Skip to several weeks later. I decide that it is time to try this again. I am going to make sure that I have the absolute freshest milk and buttermilk for this process. I'd bought Homestead Creamery whole milk for the first go-round of cheese making, but then some off-brand buttermilk, which I felt sure could have been part of the problem. For round 2 I invest the extra buck or two and get the good stuff; the Homestead Creamery buttermilk. I've also read more and seen the test method for checking for a clean break, so I feel like this time, I know what I'm looking for, and I can always give it more time to set up if needed (as recommended in the troubleshooting tips in the site I've linked above).

I follow the process. I wait until the following morning and dunk my freshly washed finger into the milk. No clean break. I wait another 5 hours, try again. No clean break. Later that evening? Still no clean break. I'm back at square one, where I was last go-round.

The good news is, this time John is home with me, and he's rigged up a wire in the beer fridge to hang the cheese from to drain. So, I do the same process as last go-round, draining, squeezing, and trying to get as much liquid out as possible. Then, with the newly installed wire, I easily hang it up in the downstairs fridge to drain. A day or two later, it seems to have drained off another cup or two of liquid, and I squeeze out as much of whatever liquid remains as possible. Finally, I carefully unwrap the cloth.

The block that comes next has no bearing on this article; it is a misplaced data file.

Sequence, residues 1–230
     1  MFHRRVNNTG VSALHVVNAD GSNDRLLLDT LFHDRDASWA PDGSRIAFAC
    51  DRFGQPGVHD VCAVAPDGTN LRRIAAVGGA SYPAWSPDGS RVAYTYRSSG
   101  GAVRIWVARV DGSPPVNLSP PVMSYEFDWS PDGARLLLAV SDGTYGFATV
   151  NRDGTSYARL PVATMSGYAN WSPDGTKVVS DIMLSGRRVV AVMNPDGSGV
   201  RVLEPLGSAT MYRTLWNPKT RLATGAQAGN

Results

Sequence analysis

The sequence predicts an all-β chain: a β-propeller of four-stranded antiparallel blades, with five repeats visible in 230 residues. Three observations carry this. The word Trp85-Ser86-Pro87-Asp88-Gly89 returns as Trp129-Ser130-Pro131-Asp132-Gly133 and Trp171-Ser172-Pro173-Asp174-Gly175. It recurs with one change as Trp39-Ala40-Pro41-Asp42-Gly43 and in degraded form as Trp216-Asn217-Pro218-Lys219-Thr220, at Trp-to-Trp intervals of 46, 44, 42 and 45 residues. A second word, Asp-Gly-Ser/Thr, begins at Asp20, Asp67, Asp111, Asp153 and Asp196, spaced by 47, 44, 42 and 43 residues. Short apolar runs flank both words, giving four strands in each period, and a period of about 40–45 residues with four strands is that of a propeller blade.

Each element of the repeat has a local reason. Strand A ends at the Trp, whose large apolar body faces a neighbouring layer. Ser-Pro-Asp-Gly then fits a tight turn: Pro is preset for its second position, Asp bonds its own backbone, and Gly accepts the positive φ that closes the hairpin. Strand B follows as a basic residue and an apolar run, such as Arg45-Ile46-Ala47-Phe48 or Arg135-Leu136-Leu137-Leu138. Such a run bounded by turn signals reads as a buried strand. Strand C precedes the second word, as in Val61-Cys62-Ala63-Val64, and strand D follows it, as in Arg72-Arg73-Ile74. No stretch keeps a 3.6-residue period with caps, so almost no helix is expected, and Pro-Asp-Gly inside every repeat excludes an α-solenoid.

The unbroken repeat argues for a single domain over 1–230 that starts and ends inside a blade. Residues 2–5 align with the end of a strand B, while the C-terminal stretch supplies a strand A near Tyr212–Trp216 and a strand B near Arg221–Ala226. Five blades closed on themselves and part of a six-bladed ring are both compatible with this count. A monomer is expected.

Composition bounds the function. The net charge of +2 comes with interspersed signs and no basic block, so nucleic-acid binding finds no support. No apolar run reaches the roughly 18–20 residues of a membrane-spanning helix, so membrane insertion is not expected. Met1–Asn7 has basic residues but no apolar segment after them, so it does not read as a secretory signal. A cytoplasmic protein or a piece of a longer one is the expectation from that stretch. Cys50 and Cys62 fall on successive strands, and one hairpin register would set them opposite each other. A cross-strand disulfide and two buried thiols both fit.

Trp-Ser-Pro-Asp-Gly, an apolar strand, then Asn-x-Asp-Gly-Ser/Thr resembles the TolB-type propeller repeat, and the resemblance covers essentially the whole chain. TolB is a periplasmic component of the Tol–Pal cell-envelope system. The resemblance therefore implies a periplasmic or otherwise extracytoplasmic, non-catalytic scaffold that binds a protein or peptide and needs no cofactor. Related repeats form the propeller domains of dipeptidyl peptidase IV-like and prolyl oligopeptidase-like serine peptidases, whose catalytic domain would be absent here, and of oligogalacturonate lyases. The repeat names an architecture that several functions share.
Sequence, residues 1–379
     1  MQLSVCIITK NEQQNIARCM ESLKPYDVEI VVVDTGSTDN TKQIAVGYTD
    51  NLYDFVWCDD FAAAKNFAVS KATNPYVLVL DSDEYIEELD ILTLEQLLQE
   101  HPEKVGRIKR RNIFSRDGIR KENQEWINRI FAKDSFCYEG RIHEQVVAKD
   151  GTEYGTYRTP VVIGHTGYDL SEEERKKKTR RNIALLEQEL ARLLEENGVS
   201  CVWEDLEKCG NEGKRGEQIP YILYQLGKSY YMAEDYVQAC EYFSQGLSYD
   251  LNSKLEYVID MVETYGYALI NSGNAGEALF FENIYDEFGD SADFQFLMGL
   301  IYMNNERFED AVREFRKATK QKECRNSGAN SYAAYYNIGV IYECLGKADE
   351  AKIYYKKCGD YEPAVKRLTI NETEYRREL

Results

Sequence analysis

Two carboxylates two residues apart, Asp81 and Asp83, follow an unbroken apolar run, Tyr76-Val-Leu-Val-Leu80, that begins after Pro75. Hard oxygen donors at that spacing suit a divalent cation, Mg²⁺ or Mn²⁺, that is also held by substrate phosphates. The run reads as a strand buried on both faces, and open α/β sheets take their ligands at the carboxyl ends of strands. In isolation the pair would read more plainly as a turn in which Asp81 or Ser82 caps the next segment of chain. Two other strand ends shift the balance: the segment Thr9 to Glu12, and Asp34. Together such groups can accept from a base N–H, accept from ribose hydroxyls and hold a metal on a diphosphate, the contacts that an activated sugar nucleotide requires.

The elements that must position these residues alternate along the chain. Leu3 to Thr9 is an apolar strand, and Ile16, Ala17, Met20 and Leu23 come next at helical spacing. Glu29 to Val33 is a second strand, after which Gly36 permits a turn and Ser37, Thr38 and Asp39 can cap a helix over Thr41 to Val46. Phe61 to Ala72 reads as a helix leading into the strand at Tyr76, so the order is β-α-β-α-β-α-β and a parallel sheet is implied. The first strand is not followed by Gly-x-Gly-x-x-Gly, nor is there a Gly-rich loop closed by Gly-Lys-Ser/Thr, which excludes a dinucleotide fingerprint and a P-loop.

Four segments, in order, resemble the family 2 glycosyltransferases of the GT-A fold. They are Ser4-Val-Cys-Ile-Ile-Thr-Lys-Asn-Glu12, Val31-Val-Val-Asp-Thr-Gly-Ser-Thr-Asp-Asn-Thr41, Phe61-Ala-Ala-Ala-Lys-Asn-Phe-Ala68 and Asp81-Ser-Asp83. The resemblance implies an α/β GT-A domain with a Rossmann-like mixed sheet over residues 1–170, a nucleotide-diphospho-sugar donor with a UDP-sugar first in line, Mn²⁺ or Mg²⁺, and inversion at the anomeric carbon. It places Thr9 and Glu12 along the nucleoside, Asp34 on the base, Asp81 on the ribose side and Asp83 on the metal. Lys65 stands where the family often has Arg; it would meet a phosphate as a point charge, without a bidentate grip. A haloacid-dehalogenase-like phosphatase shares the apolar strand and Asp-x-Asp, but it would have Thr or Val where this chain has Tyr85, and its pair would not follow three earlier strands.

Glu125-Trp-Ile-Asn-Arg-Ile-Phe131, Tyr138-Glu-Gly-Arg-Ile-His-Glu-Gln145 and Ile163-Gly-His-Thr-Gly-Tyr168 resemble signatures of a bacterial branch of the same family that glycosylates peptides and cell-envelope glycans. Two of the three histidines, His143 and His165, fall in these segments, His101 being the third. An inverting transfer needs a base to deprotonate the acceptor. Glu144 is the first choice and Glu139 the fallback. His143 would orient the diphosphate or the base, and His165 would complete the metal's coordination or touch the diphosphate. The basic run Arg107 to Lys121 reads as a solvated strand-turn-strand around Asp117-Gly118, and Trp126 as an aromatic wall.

Lo and behold... it's cheese! At least some very soft spreadable semblance thereof. I can't say for sure how the consistency measures up against what Neufchatel is supposed to be, but I can describe what I wound up with as a soft cream cheese. I salted stirred the cheese, and John and I divided it up into several containers. We added various mix-ins: flavor 1 is dill (almost too mild to taste), flavor 2 is basil (again, very mild, but still very good), and flavor 3 is garlic, which is our favorite.

We've been eating it spread on the homemade bread John has been making (YUM, by the way, I am quite lucky!), and as soon as I can get by the store I'm going to pick up crackers and bagels. We have quite a bit of cheese to eat!! I'd guess it's probably the equivalent of 4-5 softened and blended bricks of cream cheese. I think I'll have to start bringing in little containers of it to give away, because I want to get on to episode 3 and get past this clean break issue!

Next up: trying Homestead Creamery's Cream Line milk. I shyed away from this when purchasing my milk for these experiments previously because I had no idea what that meant, but apparently Cream Line is not homogenized, which can help resolve the break issue. I've been reading this great book and plan to follow closely their recipe in my next attempt. Stay tuned for episode 3: Revenge of the Milk*.

* These references are to the Star Wars movies, in case you just thought I was losing my mind. Not to say that I'm not, but at least there is a method to my madness. :)


Julie Smith said...

Hardy-har! This is why I stay away from complicated recipes! I'm glad you are more adventurous than I am. I needed no asterisk to get the titles; in our household, we've been going through a Star Wars renaissance lately.